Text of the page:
Shang­hai set for de­but of funeral plan­ning

China Daily (Hong Kong) - - FRONT PAGE - By WANG ZHENGHUA in Shang­hai wangzhenghua@ chi­

We want to pro­vide fam­ily mem­bers with peace of mind.”

Xing Wei­dong, as­sis­tant to the gen­eral man­ager of Fu Shou Yuan in Shang­hai

Peo­ple in Shang­hai can now plan their own fu­ner­als by sign­ing a pre­paid con­tract with a funeral ser­vices provider de­tail­ing ar­range­ments for their last rites.

Fu Shou Yuan In­ter­na­tional Group, the largest death care and funeral ser­vices provider in China, has started to of­fer reser­va­tions for such a ser­vice in Shang­hai. It plans to of­fi­cially launch the pro­gram next year, a pioneer­ing move in a cul­ture where peo­ple gen­er­ally shun top­ics about death.

“We want to pro­vide fam­ily mem­bers with peace of mind and en­sure that el­derly peo­ple have no re­grets in life,” said Xing Wei­dong, as­sis­tant to the gen­eral man­ager of Fu Shou Yuan in Shang­hai.

“Many young peo­ple in China are the only child in their fam­ily, so a young cou­ple needs to take care of four el­derly peo­ple. They might be at a loss as to what to do when their loved ones pass away. This is when we step in and help,” Xing said.

Funeral plan­ning is com­mon in Western coun­tries and has gained pop­u­lar­ity in Ja­pan in re­cent years.

In Shang­hai, Fu Shou Yuan of­fers three fu­ner­alplan­ning pack­ages priced at 6,800 yuan ($977), 12,800 yuan and 21,800 yuan.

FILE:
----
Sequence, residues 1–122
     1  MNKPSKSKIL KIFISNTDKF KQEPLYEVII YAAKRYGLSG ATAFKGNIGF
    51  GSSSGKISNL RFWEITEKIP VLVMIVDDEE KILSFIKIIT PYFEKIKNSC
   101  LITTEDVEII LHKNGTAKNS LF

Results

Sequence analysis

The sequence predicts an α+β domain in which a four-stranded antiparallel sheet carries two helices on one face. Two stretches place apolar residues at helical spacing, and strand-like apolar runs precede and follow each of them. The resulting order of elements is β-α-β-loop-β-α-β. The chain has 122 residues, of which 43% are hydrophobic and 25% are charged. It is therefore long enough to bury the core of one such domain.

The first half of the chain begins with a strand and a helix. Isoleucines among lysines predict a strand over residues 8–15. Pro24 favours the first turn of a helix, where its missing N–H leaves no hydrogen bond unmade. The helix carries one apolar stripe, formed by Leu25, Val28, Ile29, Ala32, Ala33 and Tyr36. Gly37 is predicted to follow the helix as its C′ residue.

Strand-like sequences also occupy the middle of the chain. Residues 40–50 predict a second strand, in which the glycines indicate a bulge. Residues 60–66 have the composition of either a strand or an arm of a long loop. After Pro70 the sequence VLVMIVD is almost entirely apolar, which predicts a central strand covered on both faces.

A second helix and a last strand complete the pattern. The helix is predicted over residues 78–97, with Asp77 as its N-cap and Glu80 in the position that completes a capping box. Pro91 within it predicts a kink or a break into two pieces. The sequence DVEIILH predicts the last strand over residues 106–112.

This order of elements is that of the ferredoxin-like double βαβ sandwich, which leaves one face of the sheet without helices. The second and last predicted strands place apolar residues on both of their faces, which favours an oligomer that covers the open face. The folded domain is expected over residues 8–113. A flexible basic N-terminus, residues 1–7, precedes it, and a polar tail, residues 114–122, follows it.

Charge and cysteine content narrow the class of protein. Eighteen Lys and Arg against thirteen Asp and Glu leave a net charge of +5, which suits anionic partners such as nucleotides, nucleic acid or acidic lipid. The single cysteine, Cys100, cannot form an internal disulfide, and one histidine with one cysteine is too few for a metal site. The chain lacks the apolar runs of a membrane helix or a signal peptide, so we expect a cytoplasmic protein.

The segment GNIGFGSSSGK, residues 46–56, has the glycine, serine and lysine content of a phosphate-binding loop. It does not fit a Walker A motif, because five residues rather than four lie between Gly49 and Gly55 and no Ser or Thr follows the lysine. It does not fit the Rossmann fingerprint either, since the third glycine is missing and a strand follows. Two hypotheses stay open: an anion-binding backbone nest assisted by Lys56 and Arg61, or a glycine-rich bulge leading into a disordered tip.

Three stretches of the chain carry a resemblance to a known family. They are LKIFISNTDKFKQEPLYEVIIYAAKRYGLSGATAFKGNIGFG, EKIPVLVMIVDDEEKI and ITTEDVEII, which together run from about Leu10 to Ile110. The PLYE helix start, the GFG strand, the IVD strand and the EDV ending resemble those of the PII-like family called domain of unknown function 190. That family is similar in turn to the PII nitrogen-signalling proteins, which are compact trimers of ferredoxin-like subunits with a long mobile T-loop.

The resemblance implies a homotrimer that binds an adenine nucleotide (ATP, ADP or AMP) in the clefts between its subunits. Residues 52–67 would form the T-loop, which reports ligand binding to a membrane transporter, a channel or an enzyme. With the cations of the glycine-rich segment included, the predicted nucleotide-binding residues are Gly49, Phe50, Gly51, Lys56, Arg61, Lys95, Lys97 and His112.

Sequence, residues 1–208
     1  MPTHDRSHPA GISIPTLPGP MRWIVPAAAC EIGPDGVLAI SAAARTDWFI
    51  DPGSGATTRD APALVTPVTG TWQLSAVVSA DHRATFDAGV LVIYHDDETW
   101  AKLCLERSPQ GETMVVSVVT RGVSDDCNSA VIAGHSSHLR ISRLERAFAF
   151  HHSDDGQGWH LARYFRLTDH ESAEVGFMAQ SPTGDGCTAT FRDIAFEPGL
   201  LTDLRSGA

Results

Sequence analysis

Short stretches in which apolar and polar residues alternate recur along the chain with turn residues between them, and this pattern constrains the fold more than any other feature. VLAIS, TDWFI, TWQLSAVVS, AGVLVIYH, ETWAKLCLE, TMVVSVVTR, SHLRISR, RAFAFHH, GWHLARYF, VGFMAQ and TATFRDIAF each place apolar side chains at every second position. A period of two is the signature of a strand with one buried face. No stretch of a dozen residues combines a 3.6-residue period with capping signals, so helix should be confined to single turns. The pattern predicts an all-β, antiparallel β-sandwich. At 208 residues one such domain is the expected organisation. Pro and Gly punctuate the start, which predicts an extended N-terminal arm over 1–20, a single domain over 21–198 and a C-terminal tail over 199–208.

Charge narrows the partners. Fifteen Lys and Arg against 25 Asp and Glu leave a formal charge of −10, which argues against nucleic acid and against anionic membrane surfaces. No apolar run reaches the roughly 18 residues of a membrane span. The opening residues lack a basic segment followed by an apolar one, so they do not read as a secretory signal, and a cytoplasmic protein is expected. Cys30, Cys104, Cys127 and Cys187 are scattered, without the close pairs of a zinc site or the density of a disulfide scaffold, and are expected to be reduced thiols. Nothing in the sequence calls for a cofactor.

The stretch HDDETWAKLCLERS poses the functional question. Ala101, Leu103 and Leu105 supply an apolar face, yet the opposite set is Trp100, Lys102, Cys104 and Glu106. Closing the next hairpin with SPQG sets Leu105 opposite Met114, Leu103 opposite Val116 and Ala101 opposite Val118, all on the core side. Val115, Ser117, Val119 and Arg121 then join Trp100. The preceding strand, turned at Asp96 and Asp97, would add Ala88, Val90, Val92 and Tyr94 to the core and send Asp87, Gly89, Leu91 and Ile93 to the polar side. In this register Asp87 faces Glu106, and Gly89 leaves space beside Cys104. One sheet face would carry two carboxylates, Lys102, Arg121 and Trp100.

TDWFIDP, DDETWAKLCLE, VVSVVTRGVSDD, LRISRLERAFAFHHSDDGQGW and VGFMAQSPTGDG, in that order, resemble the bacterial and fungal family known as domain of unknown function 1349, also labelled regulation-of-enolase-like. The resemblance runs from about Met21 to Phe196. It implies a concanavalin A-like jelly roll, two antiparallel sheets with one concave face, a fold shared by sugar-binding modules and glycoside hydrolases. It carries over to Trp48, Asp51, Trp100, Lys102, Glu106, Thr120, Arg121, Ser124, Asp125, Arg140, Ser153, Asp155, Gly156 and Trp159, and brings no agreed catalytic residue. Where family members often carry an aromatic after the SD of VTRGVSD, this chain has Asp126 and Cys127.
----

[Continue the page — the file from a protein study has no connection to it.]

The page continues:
Peo­ple can pick ev­ery­thing from the burial cloth­ing to cre­ma­tion urns to flow­ers. The pur­chase of ceme­tery plots is not in­cluded.

Clients need to pay the ser­vice fees in a lump sum. Su­per­vised by the government, the com­pany will set up a trust fund to hold the pay­ment, which will be used when the client dies. The flow of money can be tracked by clients via the com­pany’s on­line sys­tem.

The con­tract has no time limit, so peo­ple can plan decades in ad­vance, and de­tails can be up­dated as needed, Xing said.

Ear­lier this year, the com­pany started a pi­lot pro­gram in He­fei, An­hui prov­ince, and re­ceived more than 300 or­ders in

eight months. About 80 per­cent of the or­ders have been for peo­ple between ages 65 and 70.

Statis­tics show that more than 36 per­cent of Shang­hai’s reg­is­tered pop­u­la­tion will be 60 or older by 2020.

Song Meix­ian, an 82-year- old woman at a nurs­ing home in Shang­hai, is con­sid­er­ing buy­ing the ser­vice.

“I have seen many old friends around me pass away without be­ing prop­erly at­tended to, so I think this ser­vice can be re­ally help­ful. It can en­sure that I have the funeral I want,” she said.

China’s el­derly pop­u­la­tion will dou­ble from 212 mil­lion in 2014 to around 400 mil­lion by 2050, ac­cord­ing to the Na­tional Health and Fam­ily Plan­ning Com­mis­sion.

Some peo­ple are re­luc­tant to em­brace the plan.

Xue Guom­ing, a 58-year-old Shang­hai res­i­dent, said he did not like the idea. “Dwelling on ar­range­ments re­lated to death will give me bad luck.”

Wu Shiqing, a 24-year-old woman, said the ser­vice sounds ap­peal­ing, but she would not buy it for her­self.

“The pack­ages with price tags are too com­mer­cial for a sen­si­tive topic like death,” she said.

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